Parental Controls do exactly what they say. They options are really simple to understand, but incredibly effective. We especially like that you can restrict internet access to a specific device and even go one step further by blocking internet access at specific times - handy for stopping the kids using their computer when they should be in bed. However, you can't go as far as blocking specific people at specific times.
Media Prioritization is exactly what it sounds like and lets you say you want certain apps, games, or certain devices to have priority over your networks wireless signal.
If that means you want to give your smartphone priority over your partner's laptop you can do, or Spotify precedence over Skype, then that's no problem either. Again it's hard to determine whether it makes a difference in our true-life testing, but we certainly approve of the idea.
A USB 2 and one USB 3 socket mean you can connect a large drive to your network to share music, photos, videos and other files, and then access the content from a remote computer that has access to the internet. Great for streaming media and the like.
Once setup and running we genuinely felt a noticeable speed improvement when browsing using devices on our network. Not only that there was an improvement to range too - useful when working at home and wanting to escape to a spare room.
We tested the router with a number of 802.11ac and 802.11n devices ranging from the new iPads to an Asus Transformer P1801 and everything felt quick irrelevant of operating system.
READ: What is 802.11ac Wi-Fi?
Rather than run specific benchmarks that rarely mean much to anyone, we tested to see how long it would take to download 500MB from the internet. For parity we downloaded a 503Mb update from Adobe via the standard Sky Broadband router (shipped with the Sky Broadband package) and then again with the Linksys. We used the same line in both cases and according to Linksys and its Speed Test feature we have a 6MB/s connection via out ADSL line.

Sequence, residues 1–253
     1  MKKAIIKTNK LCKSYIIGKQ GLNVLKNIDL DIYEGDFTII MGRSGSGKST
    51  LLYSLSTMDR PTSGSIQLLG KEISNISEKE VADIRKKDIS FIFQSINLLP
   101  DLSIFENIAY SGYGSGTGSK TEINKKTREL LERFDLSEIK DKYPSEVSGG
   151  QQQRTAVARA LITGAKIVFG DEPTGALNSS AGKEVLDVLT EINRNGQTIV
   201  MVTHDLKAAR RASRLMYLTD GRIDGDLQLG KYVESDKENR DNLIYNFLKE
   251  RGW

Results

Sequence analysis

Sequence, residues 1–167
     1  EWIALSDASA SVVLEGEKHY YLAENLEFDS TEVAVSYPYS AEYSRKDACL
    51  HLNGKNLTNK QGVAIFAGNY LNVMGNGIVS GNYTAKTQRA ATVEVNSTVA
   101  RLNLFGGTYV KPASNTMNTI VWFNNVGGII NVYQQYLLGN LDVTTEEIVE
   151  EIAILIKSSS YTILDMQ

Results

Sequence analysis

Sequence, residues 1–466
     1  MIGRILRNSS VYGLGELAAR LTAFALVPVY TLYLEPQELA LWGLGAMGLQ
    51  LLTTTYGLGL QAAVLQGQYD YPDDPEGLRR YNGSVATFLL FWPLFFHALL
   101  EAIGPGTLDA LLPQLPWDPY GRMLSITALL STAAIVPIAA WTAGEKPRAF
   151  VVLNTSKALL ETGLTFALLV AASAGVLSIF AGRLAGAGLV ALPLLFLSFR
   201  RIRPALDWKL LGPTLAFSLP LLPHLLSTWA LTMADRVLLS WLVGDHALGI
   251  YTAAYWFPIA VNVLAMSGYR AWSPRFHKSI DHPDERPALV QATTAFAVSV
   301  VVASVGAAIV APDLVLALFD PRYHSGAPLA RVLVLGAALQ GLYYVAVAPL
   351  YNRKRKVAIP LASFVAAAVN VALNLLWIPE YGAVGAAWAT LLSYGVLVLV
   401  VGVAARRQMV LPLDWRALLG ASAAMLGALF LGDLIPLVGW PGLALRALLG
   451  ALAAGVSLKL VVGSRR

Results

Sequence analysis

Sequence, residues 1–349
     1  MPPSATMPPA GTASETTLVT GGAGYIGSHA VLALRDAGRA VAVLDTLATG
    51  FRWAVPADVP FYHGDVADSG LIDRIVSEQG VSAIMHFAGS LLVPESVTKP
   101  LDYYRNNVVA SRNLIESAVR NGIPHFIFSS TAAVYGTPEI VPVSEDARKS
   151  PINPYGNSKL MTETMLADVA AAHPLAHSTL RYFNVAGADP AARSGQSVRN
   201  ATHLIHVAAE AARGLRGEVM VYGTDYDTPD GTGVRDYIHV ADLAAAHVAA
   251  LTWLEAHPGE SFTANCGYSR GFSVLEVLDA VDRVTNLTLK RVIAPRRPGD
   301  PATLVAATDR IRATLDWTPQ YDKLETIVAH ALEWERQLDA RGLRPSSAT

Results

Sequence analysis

In our ad-hoc test the Sky router downloaded the file to a MacBook Air (2013) in 12 minutes 12 seconds, the Linksys EA9600 in 11 minutes 45 seconds. We sat in the same place equal distance away from the routers without obstruction. Might not sound huge, but you may experience a greater increase than that, while larger files again will start to save you valuable minutes of download time.
We also tested the network speed around the house starting with a direct line of site to the router, before moving to different rooms around our Victorian redbrick house. Again, the achieved speeds are very good.
As we said at the beginning routers are boring, but they're also hugely important. And the faster things work, the quicker all those streamed files, large downloads, software updates, fitness data uploads, gadget orders and general browsing can happen. That's where the joy lies in it all.
Most people will be happy with the dedicated router that they've been given with their broadband package, but those looking for extra speed, range and features will enjoy what the Linksys EA6900 Smart Wi-Fi Wireless AC Router AC1900 delivers. We're particularly keen on the ability to control access by device and time.
All in all, a very good router that can make all the difference.